Maya Angelou: ‘Her greatest stories were true’

Her poetry of self inspired the oppressed across the world to believe that they could reveal their personal experience.

Maya Angelou's impact was worldwide, writes Williams [AP]

“A brilliant writer, a fierce friend and a truly phenomenal woman.”

So said US President Barack Obama of Maya Angelou, leading tributes from around the world after the news was posted by her family on Facebook that she had died at the age of 86. In 2011, Obama presented her with the Presidential Medal of Freedom, the highest award for a civilian in the United States. As he said at the time, she was many things – author, poet, playwright, actress, director and composer – but “most of all, she was a storyteller – and her greatest stories were true”.

Angelou is a great American writer, studied in schools and universities across the country and hailed by politicians – former US President Bill Clinton said that she was a “national treasure” and he and former US Secretary of State Hillary Clinton had lost a “beloved friend”. Hers was an American story: Rags to riches, overcoming prejudice and misfortune to touch the American dream. But her impact was worldwide; she was more than a national writer. Her poetry and stories were translated into dozens of languages. She taught the world about the power of language – and how words could change the world.

Where she had the greatest impact was her autobiographical fiction. Her blend of memoir, autobiography and fiction created incredible, powerful stories – and opened up the potential of the intimate, no-holds-barred memoir to readers and writers across the world.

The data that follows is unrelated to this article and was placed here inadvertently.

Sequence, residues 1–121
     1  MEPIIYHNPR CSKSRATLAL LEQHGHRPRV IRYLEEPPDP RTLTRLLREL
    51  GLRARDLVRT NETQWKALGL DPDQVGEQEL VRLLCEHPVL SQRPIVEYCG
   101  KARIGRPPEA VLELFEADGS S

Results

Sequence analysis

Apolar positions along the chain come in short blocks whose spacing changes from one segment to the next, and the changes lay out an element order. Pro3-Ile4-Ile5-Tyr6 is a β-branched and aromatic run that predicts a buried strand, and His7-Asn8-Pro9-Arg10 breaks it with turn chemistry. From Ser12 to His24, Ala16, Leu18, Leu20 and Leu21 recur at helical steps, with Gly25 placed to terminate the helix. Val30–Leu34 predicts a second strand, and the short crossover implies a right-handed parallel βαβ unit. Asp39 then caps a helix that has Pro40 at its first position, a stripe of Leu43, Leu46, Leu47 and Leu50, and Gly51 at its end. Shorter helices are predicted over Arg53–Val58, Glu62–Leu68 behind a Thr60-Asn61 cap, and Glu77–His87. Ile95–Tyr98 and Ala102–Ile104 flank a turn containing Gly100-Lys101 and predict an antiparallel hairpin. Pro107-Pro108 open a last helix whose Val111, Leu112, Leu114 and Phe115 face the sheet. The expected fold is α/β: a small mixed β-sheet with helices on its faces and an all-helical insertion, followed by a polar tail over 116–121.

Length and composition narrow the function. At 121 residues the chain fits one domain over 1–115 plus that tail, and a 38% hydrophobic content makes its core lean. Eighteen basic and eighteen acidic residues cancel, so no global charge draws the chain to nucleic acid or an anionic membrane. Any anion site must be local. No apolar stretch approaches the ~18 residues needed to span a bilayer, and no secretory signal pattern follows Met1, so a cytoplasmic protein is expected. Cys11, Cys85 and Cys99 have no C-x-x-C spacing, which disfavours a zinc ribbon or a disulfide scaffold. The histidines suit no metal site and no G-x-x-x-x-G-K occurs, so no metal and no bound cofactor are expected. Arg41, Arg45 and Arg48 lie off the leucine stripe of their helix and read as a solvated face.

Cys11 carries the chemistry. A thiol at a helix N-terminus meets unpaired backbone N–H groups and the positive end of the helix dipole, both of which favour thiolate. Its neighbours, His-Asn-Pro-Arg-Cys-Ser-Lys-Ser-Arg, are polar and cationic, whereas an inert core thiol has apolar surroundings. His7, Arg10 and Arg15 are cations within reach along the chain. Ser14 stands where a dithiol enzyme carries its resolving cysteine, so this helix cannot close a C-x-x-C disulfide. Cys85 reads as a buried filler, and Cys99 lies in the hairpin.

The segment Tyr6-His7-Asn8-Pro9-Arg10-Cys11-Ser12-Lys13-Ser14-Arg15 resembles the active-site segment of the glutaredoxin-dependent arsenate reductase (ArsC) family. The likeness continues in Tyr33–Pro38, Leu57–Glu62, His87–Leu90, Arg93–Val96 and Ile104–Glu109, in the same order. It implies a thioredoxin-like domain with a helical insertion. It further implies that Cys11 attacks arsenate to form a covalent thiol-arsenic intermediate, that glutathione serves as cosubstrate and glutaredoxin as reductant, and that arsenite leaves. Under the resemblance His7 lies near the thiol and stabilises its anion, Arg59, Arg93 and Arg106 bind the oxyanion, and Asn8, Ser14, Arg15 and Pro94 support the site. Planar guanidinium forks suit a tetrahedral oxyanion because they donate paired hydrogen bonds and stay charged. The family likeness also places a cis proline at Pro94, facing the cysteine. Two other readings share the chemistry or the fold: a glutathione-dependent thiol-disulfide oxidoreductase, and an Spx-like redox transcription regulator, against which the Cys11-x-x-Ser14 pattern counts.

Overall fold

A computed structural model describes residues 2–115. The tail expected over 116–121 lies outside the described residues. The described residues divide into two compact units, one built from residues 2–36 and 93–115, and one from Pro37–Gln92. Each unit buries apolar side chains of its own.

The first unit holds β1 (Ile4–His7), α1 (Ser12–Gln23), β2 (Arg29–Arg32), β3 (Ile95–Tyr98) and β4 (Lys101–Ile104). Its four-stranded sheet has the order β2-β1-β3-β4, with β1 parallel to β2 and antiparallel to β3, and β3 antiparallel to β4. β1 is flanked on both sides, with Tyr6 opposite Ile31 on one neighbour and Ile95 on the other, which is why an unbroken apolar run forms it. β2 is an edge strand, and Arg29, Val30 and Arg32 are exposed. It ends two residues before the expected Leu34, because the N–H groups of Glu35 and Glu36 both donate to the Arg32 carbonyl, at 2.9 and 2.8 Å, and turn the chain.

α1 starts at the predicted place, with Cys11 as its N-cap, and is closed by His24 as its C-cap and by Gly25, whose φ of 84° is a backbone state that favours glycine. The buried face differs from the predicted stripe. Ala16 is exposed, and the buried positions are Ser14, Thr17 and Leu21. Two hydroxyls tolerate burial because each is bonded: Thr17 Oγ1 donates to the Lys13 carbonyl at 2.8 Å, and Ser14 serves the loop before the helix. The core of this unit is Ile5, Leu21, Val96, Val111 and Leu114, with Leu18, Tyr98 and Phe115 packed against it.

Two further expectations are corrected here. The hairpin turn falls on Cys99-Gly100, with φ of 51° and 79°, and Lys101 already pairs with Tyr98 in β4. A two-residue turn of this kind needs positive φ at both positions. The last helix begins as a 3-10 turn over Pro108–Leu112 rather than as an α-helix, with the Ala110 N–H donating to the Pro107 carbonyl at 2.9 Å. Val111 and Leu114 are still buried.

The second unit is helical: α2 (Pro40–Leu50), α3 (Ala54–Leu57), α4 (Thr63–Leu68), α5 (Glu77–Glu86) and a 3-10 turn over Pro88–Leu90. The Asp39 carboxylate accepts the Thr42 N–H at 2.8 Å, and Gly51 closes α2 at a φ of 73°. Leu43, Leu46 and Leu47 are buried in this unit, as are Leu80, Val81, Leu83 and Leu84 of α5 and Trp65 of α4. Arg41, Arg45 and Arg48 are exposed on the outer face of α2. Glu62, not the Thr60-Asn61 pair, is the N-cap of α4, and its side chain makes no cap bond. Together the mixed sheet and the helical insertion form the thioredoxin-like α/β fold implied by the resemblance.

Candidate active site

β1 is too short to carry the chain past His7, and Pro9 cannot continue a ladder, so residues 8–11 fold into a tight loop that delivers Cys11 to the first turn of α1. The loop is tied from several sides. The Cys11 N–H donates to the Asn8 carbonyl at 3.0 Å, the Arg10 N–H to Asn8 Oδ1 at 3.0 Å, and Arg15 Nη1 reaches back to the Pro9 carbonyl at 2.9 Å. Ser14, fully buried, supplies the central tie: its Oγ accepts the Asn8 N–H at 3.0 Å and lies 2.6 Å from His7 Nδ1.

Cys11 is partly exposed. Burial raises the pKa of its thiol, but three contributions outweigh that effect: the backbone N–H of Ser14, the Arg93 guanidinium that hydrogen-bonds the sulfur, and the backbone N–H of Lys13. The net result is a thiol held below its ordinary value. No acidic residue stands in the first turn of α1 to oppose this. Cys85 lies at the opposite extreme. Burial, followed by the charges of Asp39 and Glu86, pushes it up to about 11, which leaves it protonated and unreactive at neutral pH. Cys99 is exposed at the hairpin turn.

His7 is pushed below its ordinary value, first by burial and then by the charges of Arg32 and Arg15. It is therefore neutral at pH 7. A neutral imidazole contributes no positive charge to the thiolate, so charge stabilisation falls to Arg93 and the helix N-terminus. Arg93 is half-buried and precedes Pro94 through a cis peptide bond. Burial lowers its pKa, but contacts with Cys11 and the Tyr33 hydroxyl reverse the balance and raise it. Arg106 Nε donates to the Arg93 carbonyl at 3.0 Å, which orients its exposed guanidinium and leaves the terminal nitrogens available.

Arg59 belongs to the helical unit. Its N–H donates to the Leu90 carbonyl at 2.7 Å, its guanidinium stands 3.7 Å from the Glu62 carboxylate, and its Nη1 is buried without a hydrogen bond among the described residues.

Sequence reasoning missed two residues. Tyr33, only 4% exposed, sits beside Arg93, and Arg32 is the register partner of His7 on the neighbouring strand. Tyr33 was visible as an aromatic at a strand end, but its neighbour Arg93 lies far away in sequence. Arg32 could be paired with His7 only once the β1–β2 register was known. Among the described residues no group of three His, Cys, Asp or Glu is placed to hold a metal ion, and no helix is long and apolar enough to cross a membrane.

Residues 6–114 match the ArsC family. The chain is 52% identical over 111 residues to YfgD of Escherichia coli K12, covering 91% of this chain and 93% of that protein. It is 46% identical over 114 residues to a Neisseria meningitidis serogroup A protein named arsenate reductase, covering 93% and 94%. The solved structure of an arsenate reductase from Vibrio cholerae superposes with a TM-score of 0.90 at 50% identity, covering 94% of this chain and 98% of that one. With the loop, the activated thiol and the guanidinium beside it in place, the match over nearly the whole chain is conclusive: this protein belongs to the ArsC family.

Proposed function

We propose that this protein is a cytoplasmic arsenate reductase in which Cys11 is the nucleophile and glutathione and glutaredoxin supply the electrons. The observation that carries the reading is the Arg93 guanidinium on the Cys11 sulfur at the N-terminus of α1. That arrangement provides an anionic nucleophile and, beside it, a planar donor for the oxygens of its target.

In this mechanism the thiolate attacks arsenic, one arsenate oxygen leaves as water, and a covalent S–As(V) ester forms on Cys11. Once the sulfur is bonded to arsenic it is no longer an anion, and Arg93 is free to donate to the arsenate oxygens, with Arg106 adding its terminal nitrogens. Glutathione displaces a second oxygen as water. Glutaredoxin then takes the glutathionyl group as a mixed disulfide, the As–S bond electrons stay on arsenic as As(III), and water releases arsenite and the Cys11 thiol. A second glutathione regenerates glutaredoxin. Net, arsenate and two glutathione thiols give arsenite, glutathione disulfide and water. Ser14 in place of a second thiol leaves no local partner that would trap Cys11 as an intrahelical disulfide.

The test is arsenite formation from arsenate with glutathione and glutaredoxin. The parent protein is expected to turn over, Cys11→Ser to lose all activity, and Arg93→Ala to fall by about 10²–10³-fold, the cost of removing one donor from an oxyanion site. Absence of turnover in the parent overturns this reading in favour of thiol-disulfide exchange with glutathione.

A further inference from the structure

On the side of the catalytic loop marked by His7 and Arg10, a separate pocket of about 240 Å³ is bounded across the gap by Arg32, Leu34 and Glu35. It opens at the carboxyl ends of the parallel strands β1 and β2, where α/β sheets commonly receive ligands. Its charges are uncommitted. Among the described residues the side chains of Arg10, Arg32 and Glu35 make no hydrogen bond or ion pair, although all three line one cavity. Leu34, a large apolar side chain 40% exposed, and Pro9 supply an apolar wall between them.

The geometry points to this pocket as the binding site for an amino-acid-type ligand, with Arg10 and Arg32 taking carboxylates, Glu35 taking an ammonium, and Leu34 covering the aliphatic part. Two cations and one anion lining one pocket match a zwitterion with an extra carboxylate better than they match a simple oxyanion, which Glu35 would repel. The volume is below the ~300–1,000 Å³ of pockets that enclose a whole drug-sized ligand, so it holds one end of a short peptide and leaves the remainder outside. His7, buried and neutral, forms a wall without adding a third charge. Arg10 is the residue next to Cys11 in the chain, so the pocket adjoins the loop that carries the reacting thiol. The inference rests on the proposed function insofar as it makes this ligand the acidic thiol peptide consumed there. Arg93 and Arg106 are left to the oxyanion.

Feted and influential

For the young Marguerite Johnson to become so feted and influential would seem impossible. She was born to a nurse and navy dietician in St Louis, Missouri in April 1928 – a second child in a disastrous marriage. At four, she was sent to live with her grandmother in Arkansas, along with her brother. He called her “Maya”, while trying to say her name – and it stuck.

While staying with her mother at the age of seven, she was sexually abused and raped by her mother’s boyfriend. The rapist was imprisoned briefly by the authorities – and killed when he came out. Maya was struck dumb by the experience. As she said, “I thought my voice had killed a man and so it wasn’t safe to speak.”

Many found Angelou’s work hard to stomach – the American Library Association listed ‘I Know Why the Caged Bird Sings’ as one of their top 10 books most likely to be banned from high school classrooms. But nearly 50 years on, it is rated by many writers as the most influential memoir of the 20th century.

For the next five years, she was silent – choosing to be mute, as she put it. She poured all her energy into reading, devouring books enthusiastically whenever she had a spare moment. Finally, a friend of her grandmother’s persuaded her to speak – telling her that poetry could only be truly understood when read aloud.

Angelou moved to San Francisco to live with her mother when she was 14. In the years that followed, she had a son at 17 and went deep into the city’s nightlife as a dancer, singer and brothel madam.